For my generation, it was grimly taken for granted that Europe would remain divided between West and East, between freedom and tyranny. But when the Soviet Union collapsed, it quickly became clear that the countries of the East saw their future alongside us in the European Union.
What is odd here is the feeling that the collapse of the USSR and the Warsaw Pact just sort of happened. It didn?t. It happened because a few people at the helm of a few countries just would not give in to the ?inevitable? but were prepared to act. No European would have dared to go to Berlin and demand ?Mr Gorbachov, tear down this wall? in the way that Reagan did in 1987. Most of the Eadtern block countries see no alternative to the EU, this is true, but to say that they see their future in the current EU, that is overstating the case
They would not have done so if the EU were another tyranny. So I was surprised that The Daily Telegraph concluded its otherwise very informative series on the proposed constitutional treaty for the EU by saying it 'creates a tyranny that would imperil all that has been achieved since 1945'.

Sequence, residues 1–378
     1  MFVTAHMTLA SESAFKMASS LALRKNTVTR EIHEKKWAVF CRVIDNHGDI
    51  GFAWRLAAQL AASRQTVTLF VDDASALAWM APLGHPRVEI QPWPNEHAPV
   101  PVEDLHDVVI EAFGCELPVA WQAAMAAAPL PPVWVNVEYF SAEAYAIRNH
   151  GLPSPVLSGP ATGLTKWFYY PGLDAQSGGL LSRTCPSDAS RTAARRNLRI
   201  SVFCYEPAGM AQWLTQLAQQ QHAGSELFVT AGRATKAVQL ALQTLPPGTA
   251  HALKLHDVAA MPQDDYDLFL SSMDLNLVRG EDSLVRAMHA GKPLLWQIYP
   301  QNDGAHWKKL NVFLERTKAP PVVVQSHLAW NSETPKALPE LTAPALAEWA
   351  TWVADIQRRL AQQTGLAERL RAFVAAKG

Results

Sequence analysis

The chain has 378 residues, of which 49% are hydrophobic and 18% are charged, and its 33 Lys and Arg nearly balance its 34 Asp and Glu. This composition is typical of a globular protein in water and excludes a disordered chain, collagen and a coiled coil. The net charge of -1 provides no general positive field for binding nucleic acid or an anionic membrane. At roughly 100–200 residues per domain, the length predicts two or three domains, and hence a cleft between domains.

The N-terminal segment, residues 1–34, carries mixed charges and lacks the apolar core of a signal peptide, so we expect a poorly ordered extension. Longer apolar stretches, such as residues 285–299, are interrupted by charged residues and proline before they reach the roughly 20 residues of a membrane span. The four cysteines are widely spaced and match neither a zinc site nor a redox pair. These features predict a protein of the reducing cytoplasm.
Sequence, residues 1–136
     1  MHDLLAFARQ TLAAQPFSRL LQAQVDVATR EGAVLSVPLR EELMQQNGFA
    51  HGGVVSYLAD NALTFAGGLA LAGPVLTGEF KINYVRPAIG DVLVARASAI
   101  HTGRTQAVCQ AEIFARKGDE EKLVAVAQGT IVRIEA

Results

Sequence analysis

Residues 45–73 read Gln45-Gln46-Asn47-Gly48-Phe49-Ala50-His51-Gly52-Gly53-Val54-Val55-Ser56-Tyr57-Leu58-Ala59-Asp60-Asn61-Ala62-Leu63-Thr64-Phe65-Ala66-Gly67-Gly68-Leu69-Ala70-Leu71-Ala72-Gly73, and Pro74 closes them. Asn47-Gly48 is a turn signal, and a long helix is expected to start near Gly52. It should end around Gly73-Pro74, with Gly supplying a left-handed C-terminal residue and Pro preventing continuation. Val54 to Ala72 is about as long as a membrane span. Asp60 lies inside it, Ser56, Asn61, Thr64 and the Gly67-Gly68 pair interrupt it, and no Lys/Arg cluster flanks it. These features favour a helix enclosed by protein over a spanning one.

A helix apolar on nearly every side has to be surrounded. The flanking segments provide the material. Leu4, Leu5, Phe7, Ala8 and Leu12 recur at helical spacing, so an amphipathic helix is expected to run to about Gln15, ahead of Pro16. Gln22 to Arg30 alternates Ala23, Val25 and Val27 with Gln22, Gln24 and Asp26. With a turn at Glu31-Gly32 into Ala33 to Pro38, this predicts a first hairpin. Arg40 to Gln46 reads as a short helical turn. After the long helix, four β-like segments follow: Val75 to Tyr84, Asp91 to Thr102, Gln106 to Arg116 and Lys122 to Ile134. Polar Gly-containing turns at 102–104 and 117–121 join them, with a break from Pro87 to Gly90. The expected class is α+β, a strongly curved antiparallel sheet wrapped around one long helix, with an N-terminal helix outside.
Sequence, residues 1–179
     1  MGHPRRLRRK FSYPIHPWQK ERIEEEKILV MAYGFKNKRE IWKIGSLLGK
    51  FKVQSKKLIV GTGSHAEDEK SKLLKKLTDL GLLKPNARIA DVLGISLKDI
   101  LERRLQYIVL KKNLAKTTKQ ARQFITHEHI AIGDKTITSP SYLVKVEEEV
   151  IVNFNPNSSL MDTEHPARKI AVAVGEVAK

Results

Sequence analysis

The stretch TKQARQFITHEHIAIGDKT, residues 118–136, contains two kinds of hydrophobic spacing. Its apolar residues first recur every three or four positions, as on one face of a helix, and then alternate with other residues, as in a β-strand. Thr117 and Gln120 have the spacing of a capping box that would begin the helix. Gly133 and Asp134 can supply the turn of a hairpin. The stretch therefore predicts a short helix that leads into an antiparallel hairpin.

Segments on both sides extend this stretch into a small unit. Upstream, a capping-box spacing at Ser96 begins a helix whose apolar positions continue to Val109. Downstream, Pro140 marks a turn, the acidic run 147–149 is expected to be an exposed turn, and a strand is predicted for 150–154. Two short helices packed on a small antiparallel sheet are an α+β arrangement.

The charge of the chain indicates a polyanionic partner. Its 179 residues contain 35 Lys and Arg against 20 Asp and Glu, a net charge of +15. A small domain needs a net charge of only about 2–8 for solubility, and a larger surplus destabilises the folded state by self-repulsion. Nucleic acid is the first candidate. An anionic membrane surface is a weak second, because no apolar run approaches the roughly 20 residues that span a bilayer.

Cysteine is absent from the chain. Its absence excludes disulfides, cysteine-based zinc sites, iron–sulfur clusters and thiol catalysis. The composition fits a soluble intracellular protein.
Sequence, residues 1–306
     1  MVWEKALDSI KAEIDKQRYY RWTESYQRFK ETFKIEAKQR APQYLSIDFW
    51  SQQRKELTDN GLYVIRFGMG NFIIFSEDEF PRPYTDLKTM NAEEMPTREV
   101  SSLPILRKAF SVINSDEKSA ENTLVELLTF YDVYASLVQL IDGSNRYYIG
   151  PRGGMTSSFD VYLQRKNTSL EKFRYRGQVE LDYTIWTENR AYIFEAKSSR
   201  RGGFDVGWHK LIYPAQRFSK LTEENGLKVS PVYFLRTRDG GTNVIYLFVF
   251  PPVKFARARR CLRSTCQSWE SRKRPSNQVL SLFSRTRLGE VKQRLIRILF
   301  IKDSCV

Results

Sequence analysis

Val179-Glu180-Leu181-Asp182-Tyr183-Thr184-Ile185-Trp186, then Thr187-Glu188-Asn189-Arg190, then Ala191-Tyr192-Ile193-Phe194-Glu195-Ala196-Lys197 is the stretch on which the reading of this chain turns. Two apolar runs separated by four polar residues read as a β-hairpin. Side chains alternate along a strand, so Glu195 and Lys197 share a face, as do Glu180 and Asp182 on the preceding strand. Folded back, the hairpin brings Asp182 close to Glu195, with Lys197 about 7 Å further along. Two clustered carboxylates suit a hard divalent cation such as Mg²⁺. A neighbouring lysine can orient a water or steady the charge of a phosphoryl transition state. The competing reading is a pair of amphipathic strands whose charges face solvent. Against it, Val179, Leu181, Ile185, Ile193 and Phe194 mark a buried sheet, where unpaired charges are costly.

No tyranny would tolerate the freedom of thought, speech and action that the people and institutions across the European Union rightly and routinely enjoy.
Odd that. In the last couple of months the country most associated with the heart of Europe has in fact in a way that can only be described as tyrannically. Belgium. The way in which the Courts have been used to block freedom of political association, in the case of the Vlams Blok ? and please don?t think that because one disagrees with them then they should necessarily be banned. Me I think that the Green party is a danger to freedom and democracy, but I would never say ban them, I would just demand of other parties to beat them in argument and get their vote out. The problem in Belgium is that the Blok seems to be winning (at least in Flanders and Antwerp in particular, and the corrupt and venal; old parties have had to resort to the courts top have them banned. Then there is the case of the journalist Hans-Martin Tillack, about which I have written extensively. The arrest of this journalist on the flimsiest of evidence was done at such haste by the Belgian State, not because they had any hard evidence, but because an European Institution OLAF, demanded it. So Mr Straw thinks that ?Tyranny? would not ?tolerate the freedom of thought, speech and action that the people and institutions across the European Union rightly and routinely enjoy?. Actually Mr Straw, it doesn?t.